Motoric cognitive risk syndrome Multicountry prevalence and dementia risk

Joe Verghese, Cedric Annweiler, Emmeline Ayers, Nir Barzilai, Olivier Beauchet, David A. Bennett, Stephanie A. Bridenbaugh, Aron S. Buchman, Michele L. Callisaya, Richard Camicioli, Benjamin Capistrant, Somnath Chatterji, Anne Marie De Cock, Luigi Ferrucci, Nir Giladi, Jack M. Guralnik, Jeffrey M. Hausdorff, Roee Holtzer, Ki Woong Kim, Paul KowalReto W. Kressig, Jae Young Lim, Susan Lord, Kenichi Meguro, Manuel Montero-Odasso, Susan W. Muir-Hunter, Mohan L. Noone, Lynn Rochester, Velandai Srikanth, Cuiling Wang

Research output: Contribution to journalArticlepeer-review

316 Scopus citations


Objectives: Our objective is to report prevalence of motoric cognitive risk syndrome (MCR), a newly described predementia syndrome characterized by slow gait and cognitive complaints, in multiple countries, and its association with dementia risk.

Methods: Pooled MCR prevalence analysis of individual data from 26,802 adults without dementia and disability aged 60 years and older from 22 cohorts from 17 countries. We also examined risk of incident cognitive impairment (Mini-Mental State Examination decline ≥ 4 points) and dementia associated with MCR in 4,812 individuals without dementia with baseline Mini- Mental State Examination scores ≥25 from 4 prospective cohort studies using Cox models adjusted for potential confounders.

Results: At baseline, 2,808 of the 26,802 participants met MCR criteria. PooledMCR prevalence was 9.7% (95% confidence interval [CI] 8.2%-11.2%). MCR prevalence was higher with older age but there were no sex differences. MCR predicted risk of developing incident cognitive impairment in the pooled sample (adjusted hazard ratio [aHR] 2.0, 95% CI 1.7-2.4); aHRs were 1.5 to 2.7 in the individual cohorts. MCR also predicted dementia in the pooled sample (aHR 1.9, 95% CI 1.5-2.3). The results persisted even after excluding participants with possible cognitive impairment, accounting for early dementia, and diagnostic overlap with other predementia syndromes.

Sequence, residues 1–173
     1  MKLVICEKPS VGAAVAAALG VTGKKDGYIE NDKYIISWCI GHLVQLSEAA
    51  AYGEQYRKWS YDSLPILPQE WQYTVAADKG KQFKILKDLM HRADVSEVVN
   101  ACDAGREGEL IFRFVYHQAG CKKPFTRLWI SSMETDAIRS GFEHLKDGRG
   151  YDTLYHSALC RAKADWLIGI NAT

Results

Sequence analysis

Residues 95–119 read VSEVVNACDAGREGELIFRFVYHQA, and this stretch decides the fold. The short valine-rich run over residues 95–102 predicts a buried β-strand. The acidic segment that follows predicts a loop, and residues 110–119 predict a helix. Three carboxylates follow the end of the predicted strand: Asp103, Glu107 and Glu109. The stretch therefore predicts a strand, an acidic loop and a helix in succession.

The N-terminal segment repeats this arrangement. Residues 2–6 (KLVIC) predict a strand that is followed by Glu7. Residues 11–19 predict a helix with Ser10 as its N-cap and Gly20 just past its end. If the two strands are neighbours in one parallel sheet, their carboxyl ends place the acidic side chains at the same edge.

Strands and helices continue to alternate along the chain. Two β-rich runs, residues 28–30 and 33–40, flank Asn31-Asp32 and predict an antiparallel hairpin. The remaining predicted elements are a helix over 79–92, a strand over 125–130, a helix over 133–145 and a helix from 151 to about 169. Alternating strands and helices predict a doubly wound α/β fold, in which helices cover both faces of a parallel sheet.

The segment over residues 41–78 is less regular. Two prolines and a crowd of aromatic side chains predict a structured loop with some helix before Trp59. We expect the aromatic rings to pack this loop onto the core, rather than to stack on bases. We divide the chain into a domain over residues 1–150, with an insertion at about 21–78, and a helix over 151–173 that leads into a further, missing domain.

Conclusion: MCR is common in older adults, and is a strong and early risk factor for cognitive decline. This clinical approach can be easily applied to identify high-risk seniors in a wide variety of settings.

Original languageEnglish (US)
Pages (from-to)718-726
Number of pages9
Issue number8
StatePublished - Aug 19 2014

ASJC Scopus subject areas

  • Clinical Neurology


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